"For soon amid the silver loneliness
Of night he lifted up his voice and sang,
Secure, with only two moons listening,
Until the whole harmonious landscape rang --"
Alcohol and violence were a constant in the lives of virtually every member of the Caravan. It was not unique to them, it was a byproduct of one other constant, poverty. If your life circumstances are shitty, alcohol provides an escape from those circumstances. Not that all poor people drink - or drink to excess. Far from it. Problem is, when some people drink, shit happens. And usually it's not the shit that people want. Believe me, I know. 'Nuff said.
Booze and music have always been co-ingredients in a roaring good time. Musicians have had a firm grasp on the power of the interplay between those two elements as well as an appreciation for the transformative escape provided by both. From the old song lyric, "If the river was whiskey and I was a diving duck, I'd dive to the bottom and never would come up" to the modern song title, "There Stands The Glass" - it's the same lick. Alcohol takes us someplace else. Away from where we are. Music does the same. Together, they can be a veritable magic carpet. But sometimes that carpet lands on the wrong side of the wall.
Bukka White was the only member of the Caravan to have served time in a State Penitentiary. None of the members, however, were unfamiliar with jails or the police. Bukka's crime was manslaughter and he would lager confide that his visit to Parchman wasn't his only experience behind bars. He had spent time also in the Shelby County Jail in Memphis for a similar crime. He never gave a definitive figure on the number of men he had killed. It was at least two, possibly more. He claimed that each incident was in self defense and that he 'hated to do it.' Was he, or his victim, sober when these things happened? Probably not.
John 'Piano Red' Williams also had brushes with the law. While he never admitted to having been arrested, his conversation was rife with recollections of violent encounters. I remember one exchange in particular, sitting with Red at the dining room table in my house in Minneapolis, where red was engaged in one of his winding stories of stream-of-consciousness descriptions of incidents experienced during his 80 or so years.
At this telling he described an encounter with a 'devilish rascal' who had crossed him (hummm, was anyone having a drink?). Their exchange escalated into a full -blown confrontation, forcing Red to pick up an axe handle. At this point in the story, he asked if I knew how to 'han'el' someone through the use of such a weapon.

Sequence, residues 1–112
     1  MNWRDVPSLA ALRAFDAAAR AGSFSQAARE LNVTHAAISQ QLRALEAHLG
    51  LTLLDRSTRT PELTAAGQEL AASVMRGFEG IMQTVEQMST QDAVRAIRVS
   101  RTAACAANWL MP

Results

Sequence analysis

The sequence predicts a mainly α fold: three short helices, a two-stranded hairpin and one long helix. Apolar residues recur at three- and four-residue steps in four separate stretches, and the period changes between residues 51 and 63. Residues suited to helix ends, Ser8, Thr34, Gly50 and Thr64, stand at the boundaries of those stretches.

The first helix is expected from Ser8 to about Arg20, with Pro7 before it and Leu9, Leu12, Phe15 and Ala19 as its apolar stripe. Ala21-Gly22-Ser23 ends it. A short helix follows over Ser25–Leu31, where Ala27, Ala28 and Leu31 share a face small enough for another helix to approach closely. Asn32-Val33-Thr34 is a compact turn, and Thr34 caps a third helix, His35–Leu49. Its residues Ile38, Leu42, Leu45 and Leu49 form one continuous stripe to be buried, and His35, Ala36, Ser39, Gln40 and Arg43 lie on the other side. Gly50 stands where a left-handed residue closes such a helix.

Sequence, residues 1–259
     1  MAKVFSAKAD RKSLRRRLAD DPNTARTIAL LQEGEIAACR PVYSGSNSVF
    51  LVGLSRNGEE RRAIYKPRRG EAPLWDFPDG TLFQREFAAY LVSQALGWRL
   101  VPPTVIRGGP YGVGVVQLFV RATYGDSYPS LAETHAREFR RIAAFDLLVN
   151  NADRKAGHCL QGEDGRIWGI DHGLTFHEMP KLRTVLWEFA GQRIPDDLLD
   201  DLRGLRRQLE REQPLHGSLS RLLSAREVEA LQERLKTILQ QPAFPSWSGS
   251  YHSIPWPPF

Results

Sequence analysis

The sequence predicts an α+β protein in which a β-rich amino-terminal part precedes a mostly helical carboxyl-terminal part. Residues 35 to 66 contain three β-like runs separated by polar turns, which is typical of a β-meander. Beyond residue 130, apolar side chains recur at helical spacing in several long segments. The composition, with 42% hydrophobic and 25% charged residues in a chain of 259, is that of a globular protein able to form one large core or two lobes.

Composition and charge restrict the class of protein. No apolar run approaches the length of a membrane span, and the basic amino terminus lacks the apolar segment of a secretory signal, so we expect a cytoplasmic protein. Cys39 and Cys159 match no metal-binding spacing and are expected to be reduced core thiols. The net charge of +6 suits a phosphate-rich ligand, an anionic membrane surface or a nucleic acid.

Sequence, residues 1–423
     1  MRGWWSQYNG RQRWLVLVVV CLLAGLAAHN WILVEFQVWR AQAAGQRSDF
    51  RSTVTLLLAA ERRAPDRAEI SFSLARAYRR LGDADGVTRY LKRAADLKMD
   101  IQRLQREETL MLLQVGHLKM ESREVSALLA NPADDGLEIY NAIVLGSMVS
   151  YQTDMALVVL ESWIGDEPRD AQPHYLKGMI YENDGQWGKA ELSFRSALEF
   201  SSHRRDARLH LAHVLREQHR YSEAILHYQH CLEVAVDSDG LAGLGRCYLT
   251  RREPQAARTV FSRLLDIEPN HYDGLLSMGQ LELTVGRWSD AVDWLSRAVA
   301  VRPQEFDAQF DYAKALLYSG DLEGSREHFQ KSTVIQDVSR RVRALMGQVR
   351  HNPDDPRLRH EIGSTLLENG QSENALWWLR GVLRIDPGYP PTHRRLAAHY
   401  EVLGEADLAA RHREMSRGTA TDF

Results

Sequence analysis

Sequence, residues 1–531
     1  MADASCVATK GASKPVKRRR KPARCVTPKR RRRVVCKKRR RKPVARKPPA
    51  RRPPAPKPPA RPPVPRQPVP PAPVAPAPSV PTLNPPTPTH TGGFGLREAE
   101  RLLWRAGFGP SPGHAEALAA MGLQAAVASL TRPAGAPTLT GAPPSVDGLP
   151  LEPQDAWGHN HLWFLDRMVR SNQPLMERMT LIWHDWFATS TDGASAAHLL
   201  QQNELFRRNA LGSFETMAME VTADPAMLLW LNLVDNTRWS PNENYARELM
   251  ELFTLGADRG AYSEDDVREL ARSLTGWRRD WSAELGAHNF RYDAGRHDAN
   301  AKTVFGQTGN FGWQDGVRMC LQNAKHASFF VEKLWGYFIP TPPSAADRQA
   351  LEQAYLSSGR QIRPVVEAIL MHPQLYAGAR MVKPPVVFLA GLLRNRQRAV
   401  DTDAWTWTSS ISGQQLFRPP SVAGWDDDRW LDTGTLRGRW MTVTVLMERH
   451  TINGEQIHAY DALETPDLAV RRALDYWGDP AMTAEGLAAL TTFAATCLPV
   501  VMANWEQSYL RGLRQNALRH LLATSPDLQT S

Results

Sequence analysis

Pleasant and friendly, Red continued in his innocent-sounding, high-pitched voice. "Well, first you him in the one arm. Him sharp, comin' down at a angle. You break they arm. Then you him on the other side, and break they other arm." Red paused, making sure that his lesson was getting through, perhaps expecting a question. "Then you take the axe han'el," he continued, in the same sweet voice, "and you hits 'em in they haid."
Joe Willie Wilkins, a pacific and gentle soul, told me of a call he got from Muddy Waters in the late '50's informing him that he (Muddy) was was sending his guitar player at the time, Pat Hare, back to Memphis. The instructions were that Joe was to arrange for Pat to 'lay low' for a while and not return to Chicago until he was sent for by Muddy. Pat had recorded for Sun Records in its early years and released a side ominously titled "I'm Gonna Murder My Baby" (re-released on Rhino in 1990). A few years later, in a jealous drunken rage he killed a woman in Chicago and was under investigation for the crime, prompting the call from Muddy. Joe related that this was not the first time such a thing had happened to Pat Hare.
Hare's name was familiar to me as I remember reading an account of his crimes in the local paper years after his Memphis visit. Auburn 'Pat' Hare killed a woman in Minneapolis under similar circumstances. He also killed a policeman sent to investigate. Hare was roaring drunk at the time. Joe Willie allowed as Pat, sober, was a quiet and unassuming guy. Drunk, he was a homicidal maniac.
Auburn 'Pat' Hare died in Minnesota's Stillwater State Penitentiary in 1980. Had alcohol not taken him there, who knows where or when he would have died.
Whiskey and fried chicken fueled the Caravan in its years on the road. From management to performers, Jack and Jim were constant companions. Looking back through the haze, it's a wonder nothing more serious occurred than a pulled knife and some threatening words (both courtesy of Furry, but more of that later).
No injuries, no cops, no blood.
With a nod to E. A. & Mr. Flood...